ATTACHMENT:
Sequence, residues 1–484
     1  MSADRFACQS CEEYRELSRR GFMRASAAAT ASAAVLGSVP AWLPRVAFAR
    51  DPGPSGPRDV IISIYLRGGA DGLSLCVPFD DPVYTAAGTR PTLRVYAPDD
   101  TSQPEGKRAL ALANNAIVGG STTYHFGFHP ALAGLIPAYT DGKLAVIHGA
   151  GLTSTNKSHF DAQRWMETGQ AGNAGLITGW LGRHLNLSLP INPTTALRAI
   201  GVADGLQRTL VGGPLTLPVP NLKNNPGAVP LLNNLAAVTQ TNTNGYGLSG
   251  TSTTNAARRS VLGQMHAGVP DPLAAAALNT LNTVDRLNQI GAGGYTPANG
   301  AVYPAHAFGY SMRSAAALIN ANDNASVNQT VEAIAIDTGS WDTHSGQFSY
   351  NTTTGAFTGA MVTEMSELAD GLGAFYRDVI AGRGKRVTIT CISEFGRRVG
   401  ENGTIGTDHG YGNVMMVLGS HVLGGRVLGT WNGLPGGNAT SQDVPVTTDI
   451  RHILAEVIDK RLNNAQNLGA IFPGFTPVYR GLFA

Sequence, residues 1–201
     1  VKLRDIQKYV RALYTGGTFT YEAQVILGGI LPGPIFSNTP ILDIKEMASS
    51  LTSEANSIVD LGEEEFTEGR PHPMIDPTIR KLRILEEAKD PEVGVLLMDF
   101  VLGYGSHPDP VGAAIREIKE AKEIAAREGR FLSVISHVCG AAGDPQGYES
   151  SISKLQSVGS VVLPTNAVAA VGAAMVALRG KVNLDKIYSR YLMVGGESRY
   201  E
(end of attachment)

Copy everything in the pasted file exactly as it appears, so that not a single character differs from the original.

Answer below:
Sequence, residues 1–484
     1  MSADRFACQS CEEYRELSRR GFMRASAAAT ASAAVLGSVP AWLPRVAFAR
    51  DPGPSGPRDV IISIYLRGGA DGLSLCVPFD DPVYTAAGTR PTLRVYAPDD
   101  TSQPEGKRAL ALANNAIVGG STTYHFGFHP ALAGLIPAYT DGKLAVIHGA
   151  GLTSTNKSHF DAQRWMETGQ AGNAGLITGW LGRHLNLSLP INPTTALRAI
   201  GVADGLQRTL VGGPLTLPVP NLKNNPGAVP LLNNLAAVTQ TNTNGYGLSG
   251  TSTTNAARRS VLGQMHAGVP DPLAAAALNT LNTVDRLNQI GAGGYTPANG
   301  AVYPAHAFGY SMRSAAALIN ANDNASVNQT VEAIAIDTGS WDTHSGQFSY
   351  NTTTGAFTGA MVTEMSELAD GLGAFYRDVI AGRGKRVTIT CISEFGRRVG
   401  ENGTIGTDHG YGNVMMVLGS HVLGGRVLGT WNGLPGGNAT SQDVPVTTDI
   451  RHILAEVIDK RLNNAQNLGA IFPGFTPVYR GLFA

Sequence, residues 1–201
     1  VKLRDIQKYV RALYTGGTFT YEAQVILGGI LPGPIFSNTP ILDIKEMASS
    51  LTSEANSIVD LGEEEFTEGR PHPMIDPTIR KLRILEEAKD PEVGVLLMDF
   101  VLGYGSHPDP VGAAIREIKE AKEIAAREGR FLSVISHVCG AAGDPQGYES
   151  SISKLQSVGS VVLPTNAVAA VGAAMVALRG KVNLDKIYSR YLMVGGESRY
   201  E